I once turned down $50,000 to walk a runway – I know it sounds really crazy that I did so, but there's always a reason for everything that you do in business in the moment that you do it. When I first started walking runways, I got $700 for the fitting and the show. One show could take many hours – you have to travel to the fitting, you have to do the fitting, you have to travel back from the fitting, you have to go to the show, hair and makeup can take two hours, then you have to walk the show, and then you have to travel back from the show.
In a business where time is literally money, $700 for show turned out to be about $140 an hour. Way less than most of my doctors charge me for their time! Well, at the time that I was walking the runway, $700 wasn't a lot. But it certainly helped me to pass the time while I was supposedly "overexposed" in my business. And in the early 80s, my business was modeling.
I actually liked walking in shows. Most of the shows were in the atelier of the designer you were walking for, one or two might have rented a bigger space because they had more people. But it certainly was not the star-studded attraction that they turned out to be in the 90s. Once I started to walk the shows, the agencies also looked at this as a new stream of revenue. So suddenly, many other girls were walking the shows.
I'm not really sure how the show was expanded from back rooms to giant venues that held hundreds of people and front row stars, but we all certainly know that it got there. Took about 10 years to make that metamorphosis. I remember when I walked Valentino as a model, Christopher Reeves came to the show in Valentino's atelier in Rome. I must've been 19. We were all so excited that there was a "star" in the audience.
By the time the 90s rolled around, what a change in the shows! I was now a big actress myself in Europe. Doing at least two or three films – well, actually, three or four films - per year. To date, I've lost track of how many films I've done. But at one point I was asked by both Gian Franco Ferre and Mr. Valentino to walk their shows. Specifically, they were requesting me to do the finale in a show (the opening or the closing is the most coveted spot for a famous person to walk in a show). Either you open the show if you're a big name, or you close the show.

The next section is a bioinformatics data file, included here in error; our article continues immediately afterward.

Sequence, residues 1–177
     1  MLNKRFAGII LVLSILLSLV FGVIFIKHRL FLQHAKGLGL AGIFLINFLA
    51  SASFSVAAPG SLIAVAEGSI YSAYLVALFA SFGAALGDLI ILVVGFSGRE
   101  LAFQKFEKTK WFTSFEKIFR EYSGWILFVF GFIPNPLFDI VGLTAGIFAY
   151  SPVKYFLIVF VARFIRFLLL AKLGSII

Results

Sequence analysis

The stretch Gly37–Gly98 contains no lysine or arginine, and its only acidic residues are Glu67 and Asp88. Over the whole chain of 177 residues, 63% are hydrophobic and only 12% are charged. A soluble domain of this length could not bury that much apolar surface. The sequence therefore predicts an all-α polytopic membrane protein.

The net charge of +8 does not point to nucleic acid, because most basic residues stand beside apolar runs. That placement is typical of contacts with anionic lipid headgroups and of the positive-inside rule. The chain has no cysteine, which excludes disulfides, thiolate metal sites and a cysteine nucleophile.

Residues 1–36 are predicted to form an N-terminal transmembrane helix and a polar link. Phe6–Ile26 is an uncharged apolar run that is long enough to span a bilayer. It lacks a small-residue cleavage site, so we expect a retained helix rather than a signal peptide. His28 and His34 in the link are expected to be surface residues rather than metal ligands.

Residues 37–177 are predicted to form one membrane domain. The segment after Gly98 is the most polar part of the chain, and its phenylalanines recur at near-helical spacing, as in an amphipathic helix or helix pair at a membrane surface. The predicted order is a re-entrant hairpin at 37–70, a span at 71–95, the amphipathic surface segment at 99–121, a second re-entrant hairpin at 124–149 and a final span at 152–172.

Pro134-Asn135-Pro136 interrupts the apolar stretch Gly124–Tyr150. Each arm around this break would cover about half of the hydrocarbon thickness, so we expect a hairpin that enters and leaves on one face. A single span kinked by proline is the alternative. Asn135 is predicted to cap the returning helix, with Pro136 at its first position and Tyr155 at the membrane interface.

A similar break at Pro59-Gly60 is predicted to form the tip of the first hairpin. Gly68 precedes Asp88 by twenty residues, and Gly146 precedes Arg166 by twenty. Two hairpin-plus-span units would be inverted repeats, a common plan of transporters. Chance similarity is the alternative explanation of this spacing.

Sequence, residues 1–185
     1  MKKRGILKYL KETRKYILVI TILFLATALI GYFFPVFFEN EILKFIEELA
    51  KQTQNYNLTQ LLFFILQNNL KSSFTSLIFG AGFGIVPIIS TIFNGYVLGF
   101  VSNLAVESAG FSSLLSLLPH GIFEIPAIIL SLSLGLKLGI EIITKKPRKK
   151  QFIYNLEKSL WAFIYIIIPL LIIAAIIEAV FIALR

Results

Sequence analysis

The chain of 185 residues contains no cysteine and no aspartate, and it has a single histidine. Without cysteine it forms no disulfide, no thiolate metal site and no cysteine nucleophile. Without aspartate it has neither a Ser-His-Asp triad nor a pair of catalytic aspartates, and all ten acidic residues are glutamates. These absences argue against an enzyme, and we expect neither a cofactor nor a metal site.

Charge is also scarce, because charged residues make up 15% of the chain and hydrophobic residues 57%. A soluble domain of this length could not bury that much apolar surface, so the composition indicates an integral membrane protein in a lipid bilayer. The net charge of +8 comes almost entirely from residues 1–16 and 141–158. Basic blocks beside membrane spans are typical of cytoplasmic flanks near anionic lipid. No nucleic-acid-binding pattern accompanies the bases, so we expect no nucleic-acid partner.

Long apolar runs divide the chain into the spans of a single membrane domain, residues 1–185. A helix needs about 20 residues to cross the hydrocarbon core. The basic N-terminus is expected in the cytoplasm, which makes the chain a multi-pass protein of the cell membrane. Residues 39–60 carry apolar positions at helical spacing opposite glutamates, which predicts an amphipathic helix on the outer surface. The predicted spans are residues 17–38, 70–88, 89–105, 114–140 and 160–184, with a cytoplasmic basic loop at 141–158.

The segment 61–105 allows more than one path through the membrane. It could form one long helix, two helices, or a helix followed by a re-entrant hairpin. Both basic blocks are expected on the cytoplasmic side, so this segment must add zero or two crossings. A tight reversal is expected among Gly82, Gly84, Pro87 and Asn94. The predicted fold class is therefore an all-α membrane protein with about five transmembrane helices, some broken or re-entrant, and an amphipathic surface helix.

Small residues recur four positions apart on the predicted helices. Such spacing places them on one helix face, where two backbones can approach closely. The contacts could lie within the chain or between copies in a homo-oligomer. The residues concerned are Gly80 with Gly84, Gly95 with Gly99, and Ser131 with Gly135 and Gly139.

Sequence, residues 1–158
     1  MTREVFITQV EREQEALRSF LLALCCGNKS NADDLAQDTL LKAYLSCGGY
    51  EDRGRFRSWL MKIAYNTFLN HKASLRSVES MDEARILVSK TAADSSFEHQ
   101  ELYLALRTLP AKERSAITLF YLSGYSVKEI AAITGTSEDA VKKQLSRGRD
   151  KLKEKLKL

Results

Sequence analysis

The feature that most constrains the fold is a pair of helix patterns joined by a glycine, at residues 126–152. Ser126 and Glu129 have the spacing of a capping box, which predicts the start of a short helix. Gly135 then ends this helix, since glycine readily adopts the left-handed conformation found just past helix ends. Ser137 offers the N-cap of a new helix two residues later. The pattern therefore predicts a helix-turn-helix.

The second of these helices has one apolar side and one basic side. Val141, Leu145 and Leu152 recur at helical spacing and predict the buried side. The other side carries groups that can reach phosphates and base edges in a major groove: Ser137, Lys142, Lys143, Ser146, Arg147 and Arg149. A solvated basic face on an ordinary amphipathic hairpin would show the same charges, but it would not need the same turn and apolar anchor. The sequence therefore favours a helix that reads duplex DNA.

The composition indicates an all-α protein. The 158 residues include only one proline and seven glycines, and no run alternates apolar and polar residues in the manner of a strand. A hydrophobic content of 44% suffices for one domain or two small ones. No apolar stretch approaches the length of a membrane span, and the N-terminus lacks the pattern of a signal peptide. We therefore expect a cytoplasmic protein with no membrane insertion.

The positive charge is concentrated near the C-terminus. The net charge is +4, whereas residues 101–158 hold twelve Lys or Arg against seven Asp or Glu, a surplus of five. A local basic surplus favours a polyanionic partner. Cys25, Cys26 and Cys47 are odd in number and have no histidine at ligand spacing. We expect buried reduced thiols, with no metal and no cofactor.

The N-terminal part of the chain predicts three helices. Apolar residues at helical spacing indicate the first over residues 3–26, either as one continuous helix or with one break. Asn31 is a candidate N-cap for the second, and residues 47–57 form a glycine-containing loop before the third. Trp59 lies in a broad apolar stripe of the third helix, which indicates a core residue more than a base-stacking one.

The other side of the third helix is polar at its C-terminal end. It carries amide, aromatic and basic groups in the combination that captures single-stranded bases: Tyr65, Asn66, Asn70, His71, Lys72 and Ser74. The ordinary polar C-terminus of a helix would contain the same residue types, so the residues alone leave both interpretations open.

I was asked to close the show by both designers. That meant I was endorsing their line. I was their testimonial face – and for that they offered me $50,000 each. The reason I turned it down was because I found it impossible to be the testimonial for both designers. I loved both men, and I wore both designers on the red carpet. And both designers had loaned me clothes for the films I was in.
So how do you choose one designer over another? So in the moment I had decided not to accept either offer.
My excuse? I was shooting a film. And in fact I probably was shooting a film, but most likely I could have requested time off to walk the show. I could've worked it out with the producers. But it certainly was easier, and more out of my control, and less insulting to each designer if I blamed the production. Even if my intentions were completely altruistic, I didn't want one designer or the other to feel bad that I was turning them down. I could either pick one or none, but I could not be the testimonial for both during the same season.
So I felt that I had done the right thing, but it certainly hurts to say no to a hundred thousand dollars! Especially in the 90s when $100,000 was a lot of money; I understand it's not so much money today. But I think it was important to keep relationships and not insult anyone – even if in the end it costs you. I believe relationships in business are everything.
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